Midterm elections are usually low turnout affairs that inspire less enthusiasm among voters when compared to election years when the presidency is at stake. But, per Gallup, it appears this November’s midterms may demonstrate less enthusiasm than the 2010 midterm elections. And that’s bad news for Democrats seeking to keep their numbers up in Congress.
A majority of U.S. registered voters, 53%, say they are less enthusiastic about voting than in previous elections, while 35% are more enthusiastic. This 18-percentage-point enthusiasm deficit is larger than what Gallup has measured in prior midterm election years, particularly in 2010 when there was record midterm enthusiasm.
Among registered voters, 42% of Republicans and Republican-leaning independents currently say they are more enthusiastic than usual about voting, while 50% are less enthusiastic, resulting in an eight-point enthusiasm deficit. But Democrats are even less enthusiastic, with a 23-point deficit (32% more enthusiastic vs. 55% less enthusiastic).
In midterm elections here Republicans have enjoyed a lead in enthusiasm among voters, they’ve done pretty well:
Typically, the party whose supporters have an advantage in enthusiasm has done better in midterm elections. Republicans had decided advantages in enthusiasm in 1994, 2002, and especially 2010 — years in which they won control of the House of Representatives or expanded on their existing majority. Democrats had the advantage in 2006, the year they won control of the House. Neither party had a decided advantage in 1998, a year Democrats posted minimal gains in House seats.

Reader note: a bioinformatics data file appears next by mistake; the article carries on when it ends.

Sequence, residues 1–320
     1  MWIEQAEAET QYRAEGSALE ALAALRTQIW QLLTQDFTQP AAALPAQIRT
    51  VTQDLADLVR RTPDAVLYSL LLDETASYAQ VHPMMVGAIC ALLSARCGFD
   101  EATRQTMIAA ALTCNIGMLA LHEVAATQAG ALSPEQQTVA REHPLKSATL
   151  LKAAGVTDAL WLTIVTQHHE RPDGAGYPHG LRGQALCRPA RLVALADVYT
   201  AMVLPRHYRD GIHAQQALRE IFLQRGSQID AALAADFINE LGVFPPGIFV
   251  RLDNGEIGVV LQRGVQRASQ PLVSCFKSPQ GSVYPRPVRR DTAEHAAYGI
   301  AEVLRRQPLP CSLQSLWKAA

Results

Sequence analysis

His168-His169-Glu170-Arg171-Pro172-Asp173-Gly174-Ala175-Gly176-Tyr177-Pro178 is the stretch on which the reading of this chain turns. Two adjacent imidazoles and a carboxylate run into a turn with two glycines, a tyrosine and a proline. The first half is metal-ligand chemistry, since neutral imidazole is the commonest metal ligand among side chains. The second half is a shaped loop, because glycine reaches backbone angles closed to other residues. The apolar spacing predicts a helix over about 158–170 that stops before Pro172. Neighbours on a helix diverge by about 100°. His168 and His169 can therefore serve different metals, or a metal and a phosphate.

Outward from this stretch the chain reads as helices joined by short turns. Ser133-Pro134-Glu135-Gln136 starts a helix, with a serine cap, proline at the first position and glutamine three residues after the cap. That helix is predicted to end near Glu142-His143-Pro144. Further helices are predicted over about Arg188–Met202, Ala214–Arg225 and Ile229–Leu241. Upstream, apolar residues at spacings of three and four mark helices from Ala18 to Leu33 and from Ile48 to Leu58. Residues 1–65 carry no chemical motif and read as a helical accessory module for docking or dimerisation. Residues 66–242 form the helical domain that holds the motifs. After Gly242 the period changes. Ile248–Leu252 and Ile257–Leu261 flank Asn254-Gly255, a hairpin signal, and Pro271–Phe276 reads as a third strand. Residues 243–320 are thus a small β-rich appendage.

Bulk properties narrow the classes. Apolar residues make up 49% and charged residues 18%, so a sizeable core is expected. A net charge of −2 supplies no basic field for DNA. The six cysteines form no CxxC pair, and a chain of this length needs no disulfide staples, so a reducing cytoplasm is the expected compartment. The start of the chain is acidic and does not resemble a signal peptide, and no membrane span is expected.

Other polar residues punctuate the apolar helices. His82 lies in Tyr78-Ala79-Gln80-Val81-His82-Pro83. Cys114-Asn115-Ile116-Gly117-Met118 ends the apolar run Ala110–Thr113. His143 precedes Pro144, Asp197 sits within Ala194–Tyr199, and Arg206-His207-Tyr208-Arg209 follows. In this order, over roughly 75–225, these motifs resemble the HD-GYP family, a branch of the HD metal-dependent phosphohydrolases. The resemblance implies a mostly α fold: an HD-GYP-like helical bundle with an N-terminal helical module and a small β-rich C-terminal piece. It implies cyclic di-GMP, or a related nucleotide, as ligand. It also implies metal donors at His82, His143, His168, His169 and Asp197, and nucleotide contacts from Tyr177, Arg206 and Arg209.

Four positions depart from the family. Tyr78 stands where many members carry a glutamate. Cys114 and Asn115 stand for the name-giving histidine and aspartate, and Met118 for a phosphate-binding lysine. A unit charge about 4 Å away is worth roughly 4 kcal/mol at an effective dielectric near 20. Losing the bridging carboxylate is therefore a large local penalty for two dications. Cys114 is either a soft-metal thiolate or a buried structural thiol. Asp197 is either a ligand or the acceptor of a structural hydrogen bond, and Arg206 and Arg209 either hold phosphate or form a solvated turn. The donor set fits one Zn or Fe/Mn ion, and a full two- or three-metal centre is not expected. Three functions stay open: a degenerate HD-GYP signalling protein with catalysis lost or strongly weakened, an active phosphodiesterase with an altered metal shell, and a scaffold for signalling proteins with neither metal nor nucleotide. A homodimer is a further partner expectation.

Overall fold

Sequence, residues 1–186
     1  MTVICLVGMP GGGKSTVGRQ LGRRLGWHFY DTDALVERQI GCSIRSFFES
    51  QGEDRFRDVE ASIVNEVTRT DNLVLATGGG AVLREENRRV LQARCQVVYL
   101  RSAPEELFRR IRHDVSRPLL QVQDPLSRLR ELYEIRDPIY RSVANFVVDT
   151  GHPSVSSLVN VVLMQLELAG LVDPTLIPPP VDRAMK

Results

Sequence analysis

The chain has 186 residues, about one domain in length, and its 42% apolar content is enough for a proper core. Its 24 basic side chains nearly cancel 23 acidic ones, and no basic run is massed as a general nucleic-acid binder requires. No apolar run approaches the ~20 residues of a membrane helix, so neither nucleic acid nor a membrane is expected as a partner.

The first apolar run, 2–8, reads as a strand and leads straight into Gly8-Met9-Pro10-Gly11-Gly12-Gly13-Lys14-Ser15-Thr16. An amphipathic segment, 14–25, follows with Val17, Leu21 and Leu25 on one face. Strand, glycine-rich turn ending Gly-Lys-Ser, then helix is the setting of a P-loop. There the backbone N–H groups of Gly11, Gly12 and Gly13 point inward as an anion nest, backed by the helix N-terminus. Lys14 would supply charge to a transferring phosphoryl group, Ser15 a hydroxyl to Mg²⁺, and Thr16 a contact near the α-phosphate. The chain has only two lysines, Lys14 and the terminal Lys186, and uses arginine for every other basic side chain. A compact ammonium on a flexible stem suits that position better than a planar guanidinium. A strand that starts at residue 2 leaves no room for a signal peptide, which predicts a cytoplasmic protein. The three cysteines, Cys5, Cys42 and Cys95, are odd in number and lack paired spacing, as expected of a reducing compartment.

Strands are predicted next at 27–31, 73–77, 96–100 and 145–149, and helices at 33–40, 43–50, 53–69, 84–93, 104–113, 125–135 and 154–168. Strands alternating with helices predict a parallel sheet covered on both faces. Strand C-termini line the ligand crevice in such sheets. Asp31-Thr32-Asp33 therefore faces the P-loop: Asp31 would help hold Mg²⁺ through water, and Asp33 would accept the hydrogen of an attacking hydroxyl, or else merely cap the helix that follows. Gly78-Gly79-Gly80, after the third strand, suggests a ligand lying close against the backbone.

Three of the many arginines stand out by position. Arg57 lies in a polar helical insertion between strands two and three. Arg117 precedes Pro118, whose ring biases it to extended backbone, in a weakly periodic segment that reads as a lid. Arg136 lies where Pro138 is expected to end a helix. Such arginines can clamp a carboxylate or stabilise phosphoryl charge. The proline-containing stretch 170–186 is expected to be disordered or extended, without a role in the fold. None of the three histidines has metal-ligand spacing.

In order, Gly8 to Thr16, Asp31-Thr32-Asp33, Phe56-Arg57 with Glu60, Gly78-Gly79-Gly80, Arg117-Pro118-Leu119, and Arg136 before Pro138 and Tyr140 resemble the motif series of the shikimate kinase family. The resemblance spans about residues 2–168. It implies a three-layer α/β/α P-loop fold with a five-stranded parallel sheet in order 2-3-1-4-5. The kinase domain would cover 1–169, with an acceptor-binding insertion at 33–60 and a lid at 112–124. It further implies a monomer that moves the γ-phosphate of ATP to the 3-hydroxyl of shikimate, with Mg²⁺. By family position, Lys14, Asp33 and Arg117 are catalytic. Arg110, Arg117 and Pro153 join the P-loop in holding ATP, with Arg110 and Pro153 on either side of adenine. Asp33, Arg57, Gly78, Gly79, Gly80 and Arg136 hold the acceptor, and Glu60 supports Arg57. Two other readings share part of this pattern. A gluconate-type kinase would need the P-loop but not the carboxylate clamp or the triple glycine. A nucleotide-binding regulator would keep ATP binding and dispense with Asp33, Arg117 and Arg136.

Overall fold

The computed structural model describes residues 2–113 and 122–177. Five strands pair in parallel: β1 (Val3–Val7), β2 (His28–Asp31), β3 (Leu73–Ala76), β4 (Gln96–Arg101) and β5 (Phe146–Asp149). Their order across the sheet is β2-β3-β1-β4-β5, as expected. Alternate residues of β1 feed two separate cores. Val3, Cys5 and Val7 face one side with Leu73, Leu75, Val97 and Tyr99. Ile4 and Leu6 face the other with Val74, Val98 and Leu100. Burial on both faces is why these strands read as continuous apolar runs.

Obviously, every election is determined by which party is able to turn out the most voters. Enthusiasm among voters goes along way toward ensuring a good voter turn out. On the other hand, when enthusiasm is low among a voting group, the efforts of GOTV efforts are much less fruitful. And that is what the Gallup numbers portend for Democrats this time around.
However, as Gallup points out, although Republicans hold an advantage the enthusiasm for Republicans is nowhere near what it was in 2010:
The thought and enthusiasm measures together suggest a mixed picture for Republicans. On one hand, it seems clear that 2014 will not be a repeat of 2010, when record Republican enthusiasm presaged major gains for the party in Congress. This year, Republicans’ reported enthusiasm not only pales in comparison to 2010, but also to every other midterm election year.
However, Republicans still maintain advantages in thought given to the election and in voter enthusiasm compared with Democrats, and these advantages normally point to a better year for Republicans than Democrats. There is some uncertainty about how that will play out this year given that both Republicans and Democrats say they are less enthusiastic than usual about voting — something that has occasionally occurred in past midterm election years but never over the course of an entire midterm campaign.
So the questions are:
1) Can Republicans at least maintain and hopefully build up their edge.
2) Will those voters leaning Republican be turned off by the focus of establishment Republicans on savaging the so-called “Tea Party” candidates?
3) Can Democrats find a way between now and November to up the enthusiasm quotient of their base, and if so how?
4) Will Democrats run to or from Obama?
5) Assuming Republicans maintain the enthusiasm edge, will it be enough for Republicans to take the Senate?